Try the following :[^]
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3529255 13-Aug-12 0:32am    
Mehdi thanx for your reply. The link you have provided is about executing specific sql queries using SMO or SqlClient but that does not meet my requirement. I need to asynchronously call separate process to call SQLCMD.
Mehdi Gholam 13-Aug-12 2:17am    
You can do all that in c# with Task, Threads, etc. so it is essentially the same and you get to handle and catch the errors.
Sergey Alexandrovich Kryukov 13-Aug-12 13:26pm    
Agree. The logic is the same, but overhead of the separate process is not justified. My 5 for the answer.
3529255 14-Aug-12 0:32am    
Sergey I suppose you have never used SQLCMD utility that is why you are asking "Why separate process". SQLCMD is a utility that allows to run T-SQL, system procedures and sql scripts. Now since it is a separate utility like any other Windows application, we have to have another process within our program to execute.
If you are still confused then try to google "Run SQLCMD from c#". You will see every answer will have separate process being used.

Thanx anyways.
Sergey Alexandrovich Kryukov 14-Aug-12 1:59am    
Right, I did not use it. It simply means that SQLCMD is not provided as a library, unfortunately, so, you might have no choice. This is just the utility. When you explained that, I can see the problem. Then, your solution needs to be analyzed...
Please see my last comment to the answer by Mehdi. After we discussed why you need a separate process and I can see why you really might need it, let's see how you do it.

The biggest problem I can see is that you totally block the propagation of exceptions, in two places. You should never do it; instead, you should do it only once, on the very top of stack of every thread. And you should never leave the exception caught on top without any action. You should get exception information and collect it. If this is the UI, you can notify the UI thread on the exceptions. I usually do it using an event declared in a thread wrapper class and handle this even in the UI thread (using UI thread invocation mechanism). In other cases (now you just use the console, but you need to make provisions for other uses of this code), you need to write out exception information and/or log it, for example using System.Information.EventLog.

You need to change this code and see what happens with exceptions.

The termination of the thread is also very questionable. Why would you ever kill the process? This is unsafe. Did you experiment with your code? — does this kill case ever happen? I would never do it; and I would wait for the process until it legitimately terminate itself forever. It should not take infinite time.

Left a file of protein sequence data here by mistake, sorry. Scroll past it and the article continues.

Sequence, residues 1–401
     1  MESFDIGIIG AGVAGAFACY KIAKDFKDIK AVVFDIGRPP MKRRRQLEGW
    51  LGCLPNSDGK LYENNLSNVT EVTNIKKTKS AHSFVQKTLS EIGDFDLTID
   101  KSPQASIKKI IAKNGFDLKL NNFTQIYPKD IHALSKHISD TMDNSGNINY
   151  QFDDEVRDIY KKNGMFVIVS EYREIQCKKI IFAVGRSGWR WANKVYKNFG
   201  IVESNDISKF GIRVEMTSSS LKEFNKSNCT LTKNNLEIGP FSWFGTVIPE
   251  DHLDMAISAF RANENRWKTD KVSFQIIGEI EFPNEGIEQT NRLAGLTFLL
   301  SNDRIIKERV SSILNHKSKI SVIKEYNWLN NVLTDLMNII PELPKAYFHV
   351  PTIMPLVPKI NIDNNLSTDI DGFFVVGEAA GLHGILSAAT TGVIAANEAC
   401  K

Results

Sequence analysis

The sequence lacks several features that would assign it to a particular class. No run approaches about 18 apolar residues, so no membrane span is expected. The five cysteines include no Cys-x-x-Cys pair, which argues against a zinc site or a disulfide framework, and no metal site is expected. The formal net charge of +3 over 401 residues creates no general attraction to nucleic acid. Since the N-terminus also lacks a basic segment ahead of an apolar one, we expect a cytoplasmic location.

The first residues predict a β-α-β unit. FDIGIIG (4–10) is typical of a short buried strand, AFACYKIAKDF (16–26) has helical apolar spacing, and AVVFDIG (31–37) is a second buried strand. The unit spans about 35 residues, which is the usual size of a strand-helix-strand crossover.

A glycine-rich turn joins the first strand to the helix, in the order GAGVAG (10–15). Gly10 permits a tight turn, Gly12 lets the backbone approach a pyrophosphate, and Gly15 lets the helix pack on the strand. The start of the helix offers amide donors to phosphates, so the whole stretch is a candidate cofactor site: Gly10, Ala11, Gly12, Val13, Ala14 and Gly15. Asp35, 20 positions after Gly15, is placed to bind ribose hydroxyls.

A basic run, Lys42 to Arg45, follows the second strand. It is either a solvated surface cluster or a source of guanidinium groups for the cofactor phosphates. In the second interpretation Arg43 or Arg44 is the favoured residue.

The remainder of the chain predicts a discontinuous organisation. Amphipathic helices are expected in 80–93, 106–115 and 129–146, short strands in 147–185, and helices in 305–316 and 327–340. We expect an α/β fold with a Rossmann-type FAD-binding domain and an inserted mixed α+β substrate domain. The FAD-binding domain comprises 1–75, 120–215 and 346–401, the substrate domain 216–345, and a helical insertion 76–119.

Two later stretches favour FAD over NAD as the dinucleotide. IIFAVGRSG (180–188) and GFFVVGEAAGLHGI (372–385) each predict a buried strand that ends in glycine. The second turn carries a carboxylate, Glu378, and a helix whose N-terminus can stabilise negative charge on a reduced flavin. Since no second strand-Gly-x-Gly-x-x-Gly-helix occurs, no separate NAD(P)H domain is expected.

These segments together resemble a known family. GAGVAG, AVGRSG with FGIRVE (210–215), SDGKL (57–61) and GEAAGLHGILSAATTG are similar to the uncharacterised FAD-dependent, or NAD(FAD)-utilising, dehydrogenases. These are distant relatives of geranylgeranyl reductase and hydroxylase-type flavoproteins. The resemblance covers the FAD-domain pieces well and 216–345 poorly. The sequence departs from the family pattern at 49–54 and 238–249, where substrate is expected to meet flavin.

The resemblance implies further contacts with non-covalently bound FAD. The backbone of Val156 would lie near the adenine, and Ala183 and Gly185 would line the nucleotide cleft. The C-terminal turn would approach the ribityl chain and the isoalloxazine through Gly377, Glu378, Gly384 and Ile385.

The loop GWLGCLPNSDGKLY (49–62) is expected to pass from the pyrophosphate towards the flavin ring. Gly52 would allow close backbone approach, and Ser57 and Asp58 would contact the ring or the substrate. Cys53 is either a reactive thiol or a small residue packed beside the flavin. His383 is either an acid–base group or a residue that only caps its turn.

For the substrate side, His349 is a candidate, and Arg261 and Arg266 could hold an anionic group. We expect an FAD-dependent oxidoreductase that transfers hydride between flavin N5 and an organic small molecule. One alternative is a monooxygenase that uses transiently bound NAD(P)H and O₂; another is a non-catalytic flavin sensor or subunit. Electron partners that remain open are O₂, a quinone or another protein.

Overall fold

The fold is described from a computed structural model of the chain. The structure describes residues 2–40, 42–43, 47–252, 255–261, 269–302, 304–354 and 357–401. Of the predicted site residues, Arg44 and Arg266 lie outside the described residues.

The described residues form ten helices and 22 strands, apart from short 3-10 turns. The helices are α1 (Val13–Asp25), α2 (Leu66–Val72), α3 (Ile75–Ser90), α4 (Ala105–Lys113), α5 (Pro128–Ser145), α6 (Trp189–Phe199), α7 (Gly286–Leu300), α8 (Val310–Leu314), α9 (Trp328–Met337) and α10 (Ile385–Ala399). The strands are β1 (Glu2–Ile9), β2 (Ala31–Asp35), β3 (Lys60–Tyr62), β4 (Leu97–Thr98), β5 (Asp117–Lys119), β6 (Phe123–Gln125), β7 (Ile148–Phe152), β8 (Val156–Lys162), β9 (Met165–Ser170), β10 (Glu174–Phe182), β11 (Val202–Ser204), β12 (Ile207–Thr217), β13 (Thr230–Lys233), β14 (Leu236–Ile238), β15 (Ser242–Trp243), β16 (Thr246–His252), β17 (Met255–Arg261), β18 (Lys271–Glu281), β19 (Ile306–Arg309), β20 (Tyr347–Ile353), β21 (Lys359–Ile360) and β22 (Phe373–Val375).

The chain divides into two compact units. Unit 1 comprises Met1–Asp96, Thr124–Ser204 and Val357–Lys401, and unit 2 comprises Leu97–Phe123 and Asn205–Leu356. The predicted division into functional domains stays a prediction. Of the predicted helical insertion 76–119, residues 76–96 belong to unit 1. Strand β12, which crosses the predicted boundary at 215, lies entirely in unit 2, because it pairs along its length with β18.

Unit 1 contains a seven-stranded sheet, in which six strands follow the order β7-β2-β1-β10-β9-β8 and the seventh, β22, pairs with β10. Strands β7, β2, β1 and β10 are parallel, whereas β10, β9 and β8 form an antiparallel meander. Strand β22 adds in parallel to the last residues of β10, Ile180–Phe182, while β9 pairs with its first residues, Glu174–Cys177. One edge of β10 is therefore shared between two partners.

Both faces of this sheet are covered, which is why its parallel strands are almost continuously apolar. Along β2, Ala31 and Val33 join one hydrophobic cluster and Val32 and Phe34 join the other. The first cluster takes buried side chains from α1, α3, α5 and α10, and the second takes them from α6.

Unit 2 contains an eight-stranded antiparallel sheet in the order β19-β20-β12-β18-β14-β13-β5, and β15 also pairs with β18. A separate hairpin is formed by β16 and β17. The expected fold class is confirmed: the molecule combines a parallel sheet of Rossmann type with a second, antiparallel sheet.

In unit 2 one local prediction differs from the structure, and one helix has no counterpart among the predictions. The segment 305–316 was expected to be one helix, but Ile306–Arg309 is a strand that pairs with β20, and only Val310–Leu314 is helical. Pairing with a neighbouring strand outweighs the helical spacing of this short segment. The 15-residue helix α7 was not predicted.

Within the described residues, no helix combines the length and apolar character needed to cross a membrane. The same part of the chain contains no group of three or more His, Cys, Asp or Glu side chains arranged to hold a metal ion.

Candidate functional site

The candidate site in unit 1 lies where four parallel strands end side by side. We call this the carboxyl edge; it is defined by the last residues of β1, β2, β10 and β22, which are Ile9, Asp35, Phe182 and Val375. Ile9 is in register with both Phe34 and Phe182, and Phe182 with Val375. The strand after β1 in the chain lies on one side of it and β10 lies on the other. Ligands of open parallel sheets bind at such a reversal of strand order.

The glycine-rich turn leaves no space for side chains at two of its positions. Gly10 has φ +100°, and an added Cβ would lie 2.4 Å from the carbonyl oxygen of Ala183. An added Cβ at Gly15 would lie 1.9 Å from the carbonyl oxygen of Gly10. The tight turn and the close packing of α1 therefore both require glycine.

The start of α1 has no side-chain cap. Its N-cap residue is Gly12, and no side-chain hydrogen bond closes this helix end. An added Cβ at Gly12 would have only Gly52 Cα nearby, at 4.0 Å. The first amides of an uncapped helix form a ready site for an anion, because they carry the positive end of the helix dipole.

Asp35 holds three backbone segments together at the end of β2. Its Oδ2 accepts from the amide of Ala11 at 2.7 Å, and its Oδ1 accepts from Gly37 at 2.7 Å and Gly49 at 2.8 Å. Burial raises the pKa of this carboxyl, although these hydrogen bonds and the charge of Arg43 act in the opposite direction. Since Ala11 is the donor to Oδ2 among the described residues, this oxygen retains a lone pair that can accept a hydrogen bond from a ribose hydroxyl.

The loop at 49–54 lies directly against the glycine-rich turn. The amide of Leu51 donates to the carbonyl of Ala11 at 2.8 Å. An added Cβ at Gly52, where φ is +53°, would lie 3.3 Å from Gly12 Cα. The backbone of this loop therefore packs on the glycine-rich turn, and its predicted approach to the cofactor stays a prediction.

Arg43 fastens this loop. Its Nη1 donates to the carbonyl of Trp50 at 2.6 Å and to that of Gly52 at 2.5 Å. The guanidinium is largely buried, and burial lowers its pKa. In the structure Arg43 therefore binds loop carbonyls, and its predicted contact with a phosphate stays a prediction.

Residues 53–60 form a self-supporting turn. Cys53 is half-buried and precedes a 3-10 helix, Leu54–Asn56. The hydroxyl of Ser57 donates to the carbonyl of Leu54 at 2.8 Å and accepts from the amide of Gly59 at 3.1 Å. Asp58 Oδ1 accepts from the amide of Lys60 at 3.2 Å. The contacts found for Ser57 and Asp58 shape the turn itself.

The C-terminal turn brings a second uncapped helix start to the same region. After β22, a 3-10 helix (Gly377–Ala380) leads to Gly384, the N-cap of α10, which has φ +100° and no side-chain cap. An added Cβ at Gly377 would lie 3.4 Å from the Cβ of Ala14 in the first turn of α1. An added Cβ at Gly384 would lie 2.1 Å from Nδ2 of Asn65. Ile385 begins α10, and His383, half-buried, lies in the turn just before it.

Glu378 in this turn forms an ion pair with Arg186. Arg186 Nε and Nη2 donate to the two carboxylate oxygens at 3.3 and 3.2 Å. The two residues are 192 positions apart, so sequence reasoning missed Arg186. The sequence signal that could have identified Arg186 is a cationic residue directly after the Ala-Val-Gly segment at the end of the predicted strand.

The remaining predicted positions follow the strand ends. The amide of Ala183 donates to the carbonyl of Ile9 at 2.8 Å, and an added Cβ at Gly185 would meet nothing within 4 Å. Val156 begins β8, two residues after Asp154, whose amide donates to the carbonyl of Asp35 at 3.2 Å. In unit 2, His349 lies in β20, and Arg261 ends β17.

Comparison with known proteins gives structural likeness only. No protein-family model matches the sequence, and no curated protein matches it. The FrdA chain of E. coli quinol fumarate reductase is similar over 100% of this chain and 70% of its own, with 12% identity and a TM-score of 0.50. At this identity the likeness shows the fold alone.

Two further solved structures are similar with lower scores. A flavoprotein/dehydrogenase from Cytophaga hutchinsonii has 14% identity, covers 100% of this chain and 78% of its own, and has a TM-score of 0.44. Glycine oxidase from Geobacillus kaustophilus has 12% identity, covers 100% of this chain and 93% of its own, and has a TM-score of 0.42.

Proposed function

And why do you cancel error/output read unconditionally? If the process exit by itself, it is never needed.

Please analyze it and provide some feedback.

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3529255 14-Aug-12 8:37am    
Sergey I am glad you finally understood why separate process is required.

Now coming back to your reply, the two unhandled catch blocks are not my concern here because I don't want to handle exceptions in those places.

Regarding the collection of exceptions, Yes I di have handlers which get called whenever there is error. Event handlers "executorProcess_ErrorDataReceived" and "executorProcess_OutputDataReceived" are meant for that. As you can see these two displays errors in console. I have everything you have mentioned.
Sergey Alexandrovich Kryukov 14-Aug-12 11:40am    
If you don't want handle exceptions, don't handle it. What you do is different: you handle it in a quite a specific way, by blocking exception propagation. If this is not your concern, it does not mean you are doing it in a right way. You need to stop blocking this exceptions to find out the root of your problem, first of all. No, by handling these events, you do what I mentioned, but not all of it. You still can suppress some exceptions with blocking their propagation. Remove it to see what happens.

I don't say this will solve your problem itself, but this is one necessary step.
3529255 15-Aug-12 5:18am    
Sergey Yes I understand I should not leave my catch block just like that. Guess what, I have handled those catch blocks but there is no such exception. I know my problem is just either with the Threads or the System.Diagnostic.Process.

I would appreciate if replies are focused on these aspects rather than pointing out the simple code issues which are not related in any ways to the issue I am facing currently.
Sergey Alexandrovich Kryukov 15-Aug-12 13:11pm    
One step at a time, ever heard of it? The issues are related.
pasztorpisti 14-Aug-12 14:16pm    
+5 blocking exception propagation is one of the biggest guilts. the god of coders will punish for it. makes it impossible to find bugs in an otherwise excellent environment.